Synopsis: Three generations come together in the week leading up to Mother’s Day.
Stars: Jennifer Aniston, Kate Hudson, Julia Roberts, Jason Sudeikis, Britt Robertson, Timothy Olyphant, Hector Elizondo, Jack Whitehall
Director: Garry Marshall
Running Length: 118 minutes
Trailer Review: Here
TMMM Score: (1/10)
Review: At one point not too far into the two very long hours of Mother’s Day I became convinced the movie was created by space aliens branching out into the film industry. No, really. I mean, how else to explain away this stinker which is an utter black hole of laughs, common sense, and good taste? The third of director Garry Marshall’s ensemble movies comes after the equally stinky Valentine’s Day and the dead on arrival New Year’s Eve; one shudders at the thought of Bastille Day getting the greenlight in a few years.
I’m a fan of ensemble movies that weave together multiple storylines to show the cross currents of life for a group of people. Robert Altman did that to perfection in Short Cuts and I’ve always had a fondness for Willard Carroll’s surprisingly wise Playing by Heart. Marshall, on the other hand, is no Altman and aside from snagging two solid leading ladies to roll around in this slop fest he’s compiled a cast of questionable talent ranking high on the nepotism meter. Stick around for the credits, not just for bloopers much funnier than anything that came before it but to count how many Marshalls show up in the cast roster.
If the acting is overall dreadful, the script from Anya Kochoff-Romano, Matt Walker, & Tom Hines is a poo-ey potpourri of archaic lameness, saddling Oscar winner Julia Roberts (Secret in Their Eyes) with meeting the daughter (Britt Robertson, Tomorrowland) she gave up for a career and somehow making her seem like a “less-than”, and having poor Jennifer Aniston (Cake) play yet another divorcee with an ex-husband that’s married a younger woman worried about losing the affection of her kids to her barely legal replacement. Jason Sudekis (on his fourth outing with Aniston after We’re the Millers) is a widowed dad of two girls that’s shocked when his eldest daughter asks him to buy tampons…nevermind that their mom (played in an embarrassing cameo by someone that’s already had a pretty tough year on the marriage front) has been dead for nearly a year. Did she just have a box from Costco that lasted that long? Let’s not forget Kate Hudson (The Reluctant Fundamentalist) being surprised by her backwards-thinking parents who blaze into town in a Winnebago, only to find one daughter (Sarah Chalke) is a lesbian and their other daughter has married a, wait for it, “towelhead”.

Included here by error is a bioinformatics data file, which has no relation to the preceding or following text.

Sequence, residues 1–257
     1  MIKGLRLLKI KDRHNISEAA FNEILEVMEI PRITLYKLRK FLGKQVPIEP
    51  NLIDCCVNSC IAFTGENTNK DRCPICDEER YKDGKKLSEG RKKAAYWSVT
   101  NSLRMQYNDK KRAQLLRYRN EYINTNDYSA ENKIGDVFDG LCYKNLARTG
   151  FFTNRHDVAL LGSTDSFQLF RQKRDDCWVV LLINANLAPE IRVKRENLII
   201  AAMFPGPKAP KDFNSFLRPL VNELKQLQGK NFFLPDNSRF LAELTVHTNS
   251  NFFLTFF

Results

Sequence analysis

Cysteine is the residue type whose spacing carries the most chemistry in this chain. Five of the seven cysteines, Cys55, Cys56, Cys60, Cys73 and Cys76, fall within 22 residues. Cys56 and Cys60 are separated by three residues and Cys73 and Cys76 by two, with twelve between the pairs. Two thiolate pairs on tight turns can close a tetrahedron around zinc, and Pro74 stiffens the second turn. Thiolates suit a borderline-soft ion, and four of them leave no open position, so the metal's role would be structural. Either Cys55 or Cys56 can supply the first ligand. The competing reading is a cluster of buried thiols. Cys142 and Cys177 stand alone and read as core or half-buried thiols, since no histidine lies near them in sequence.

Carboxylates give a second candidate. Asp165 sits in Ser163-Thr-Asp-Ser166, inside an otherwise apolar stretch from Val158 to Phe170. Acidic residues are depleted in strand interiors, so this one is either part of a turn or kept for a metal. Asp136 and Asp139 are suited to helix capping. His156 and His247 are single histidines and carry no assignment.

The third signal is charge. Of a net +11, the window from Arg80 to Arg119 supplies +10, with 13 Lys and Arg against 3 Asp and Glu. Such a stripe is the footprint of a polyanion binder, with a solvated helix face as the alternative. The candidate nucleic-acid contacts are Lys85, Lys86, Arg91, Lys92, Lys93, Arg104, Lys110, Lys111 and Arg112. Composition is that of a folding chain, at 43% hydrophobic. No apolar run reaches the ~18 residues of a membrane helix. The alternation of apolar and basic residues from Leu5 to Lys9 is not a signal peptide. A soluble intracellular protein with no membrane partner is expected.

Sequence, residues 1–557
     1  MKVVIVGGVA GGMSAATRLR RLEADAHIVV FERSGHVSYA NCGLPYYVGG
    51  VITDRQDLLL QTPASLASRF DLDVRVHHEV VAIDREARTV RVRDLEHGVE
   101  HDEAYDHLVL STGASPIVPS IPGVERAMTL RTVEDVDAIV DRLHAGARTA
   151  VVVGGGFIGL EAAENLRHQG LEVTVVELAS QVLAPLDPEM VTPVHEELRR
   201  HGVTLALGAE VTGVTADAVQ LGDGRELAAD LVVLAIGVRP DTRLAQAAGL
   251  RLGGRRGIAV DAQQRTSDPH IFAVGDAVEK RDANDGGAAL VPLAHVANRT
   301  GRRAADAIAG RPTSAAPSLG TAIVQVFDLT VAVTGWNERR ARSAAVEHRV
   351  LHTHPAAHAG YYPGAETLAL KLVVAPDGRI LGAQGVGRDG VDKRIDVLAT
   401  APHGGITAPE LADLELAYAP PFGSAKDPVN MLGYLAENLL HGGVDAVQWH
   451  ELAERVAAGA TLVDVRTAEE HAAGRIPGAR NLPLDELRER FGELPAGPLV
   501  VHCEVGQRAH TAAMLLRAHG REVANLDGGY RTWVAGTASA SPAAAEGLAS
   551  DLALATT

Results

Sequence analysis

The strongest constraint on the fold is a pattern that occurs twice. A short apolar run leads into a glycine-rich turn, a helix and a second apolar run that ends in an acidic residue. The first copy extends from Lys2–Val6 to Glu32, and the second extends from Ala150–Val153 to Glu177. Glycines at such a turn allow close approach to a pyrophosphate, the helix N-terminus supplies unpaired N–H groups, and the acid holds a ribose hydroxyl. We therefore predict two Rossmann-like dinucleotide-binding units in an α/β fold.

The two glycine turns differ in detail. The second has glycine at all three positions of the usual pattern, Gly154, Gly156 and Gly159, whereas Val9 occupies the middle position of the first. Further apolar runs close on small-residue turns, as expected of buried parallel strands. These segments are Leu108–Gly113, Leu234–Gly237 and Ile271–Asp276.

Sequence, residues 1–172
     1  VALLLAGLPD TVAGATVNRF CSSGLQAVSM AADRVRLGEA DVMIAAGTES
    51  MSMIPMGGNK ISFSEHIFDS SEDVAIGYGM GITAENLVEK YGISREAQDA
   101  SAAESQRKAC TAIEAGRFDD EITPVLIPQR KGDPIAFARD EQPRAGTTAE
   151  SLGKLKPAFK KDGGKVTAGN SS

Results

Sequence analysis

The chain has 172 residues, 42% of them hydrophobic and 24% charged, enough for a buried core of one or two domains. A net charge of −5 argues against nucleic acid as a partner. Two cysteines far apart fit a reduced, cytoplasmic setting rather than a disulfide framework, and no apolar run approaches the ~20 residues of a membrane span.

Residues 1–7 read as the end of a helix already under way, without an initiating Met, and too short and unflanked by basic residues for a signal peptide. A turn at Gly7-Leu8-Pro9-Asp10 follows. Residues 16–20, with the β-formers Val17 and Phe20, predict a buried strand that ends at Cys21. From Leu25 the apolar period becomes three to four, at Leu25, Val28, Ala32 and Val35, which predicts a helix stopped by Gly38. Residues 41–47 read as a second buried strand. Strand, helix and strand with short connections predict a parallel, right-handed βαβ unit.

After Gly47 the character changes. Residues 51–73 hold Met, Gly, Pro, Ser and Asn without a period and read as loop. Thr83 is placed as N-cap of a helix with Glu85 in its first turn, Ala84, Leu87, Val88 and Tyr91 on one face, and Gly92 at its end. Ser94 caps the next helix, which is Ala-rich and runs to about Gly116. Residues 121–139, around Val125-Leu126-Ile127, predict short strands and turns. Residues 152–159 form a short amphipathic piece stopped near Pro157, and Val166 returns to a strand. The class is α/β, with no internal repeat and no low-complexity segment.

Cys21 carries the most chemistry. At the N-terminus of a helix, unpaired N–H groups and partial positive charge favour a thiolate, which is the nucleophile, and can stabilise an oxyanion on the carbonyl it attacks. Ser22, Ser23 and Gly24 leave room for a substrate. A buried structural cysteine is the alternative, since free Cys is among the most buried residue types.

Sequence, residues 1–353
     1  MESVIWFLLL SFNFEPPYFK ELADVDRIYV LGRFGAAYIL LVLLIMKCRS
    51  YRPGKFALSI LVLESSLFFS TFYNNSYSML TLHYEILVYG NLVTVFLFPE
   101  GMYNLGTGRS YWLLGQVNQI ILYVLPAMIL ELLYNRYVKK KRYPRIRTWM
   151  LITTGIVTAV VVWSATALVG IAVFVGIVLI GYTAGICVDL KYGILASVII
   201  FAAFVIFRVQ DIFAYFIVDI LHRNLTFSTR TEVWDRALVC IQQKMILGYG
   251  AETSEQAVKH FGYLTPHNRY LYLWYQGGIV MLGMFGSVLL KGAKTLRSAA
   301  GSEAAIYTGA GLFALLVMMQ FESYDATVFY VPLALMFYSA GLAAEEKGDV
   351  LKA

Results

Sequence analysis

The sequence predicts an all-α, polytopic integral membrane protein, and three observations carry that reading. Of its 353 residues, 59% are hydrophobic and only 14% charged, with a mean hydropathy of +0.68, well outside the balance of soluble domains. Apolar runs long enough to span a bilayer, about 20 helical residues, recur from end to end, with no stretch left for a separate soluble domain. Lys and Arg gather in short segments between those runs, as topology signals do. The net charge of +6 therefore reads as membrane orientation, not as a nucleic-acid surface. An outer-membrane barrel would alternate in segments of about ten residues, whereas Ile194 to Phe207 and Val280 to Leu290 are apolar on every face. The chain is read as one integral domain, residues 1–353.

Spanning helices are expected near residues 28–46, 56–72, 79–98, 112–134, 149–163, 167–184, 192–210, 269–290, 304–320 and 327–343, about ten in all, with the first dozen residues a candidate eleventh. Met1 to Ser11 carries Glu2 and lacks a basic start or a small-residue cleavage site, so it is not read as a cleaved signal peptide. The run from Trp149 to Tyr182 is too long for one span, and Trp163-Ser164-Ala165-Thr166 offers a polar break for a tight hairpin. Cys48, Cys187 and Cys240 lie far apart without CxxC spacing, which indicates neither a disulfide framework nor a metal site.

There’s no reality or time to speak of in Marshall’s fantasy-land where people can not only select, finance, and purchase expensive cars overnight but have personalized license plates made (at the all-night license plate store?) and don’t even get me started on how a character living in Las Vegas can fly to Atlanta in under an hour. Then there are the extravagant parties planned in the time it takes to boil water, the curated wedding that happens mere moments after a proposal, the appearance of Kate Hudson’s gigantic ear, and that famously terrible wig Roberts is sporting.
No doubt about it, this is one surreally awful film and likely (hopefully?) the last time Marshall will sit in a director’s chair. From the annoyingly bouncy soundtrack, obviously produced by someone who last picked out the tunes for a JC Penney’s in Tucson, to the outright gaffes that show how rushed this film was, I’m constantly reminded what a hack director Marshall is…when he does get a film right (Beaches, Pretty Woman) it almost seems like a mistake. The only mistake you can make here is seeing this…and I’ll say this right now: if you take your mom to this you’re a terrible child.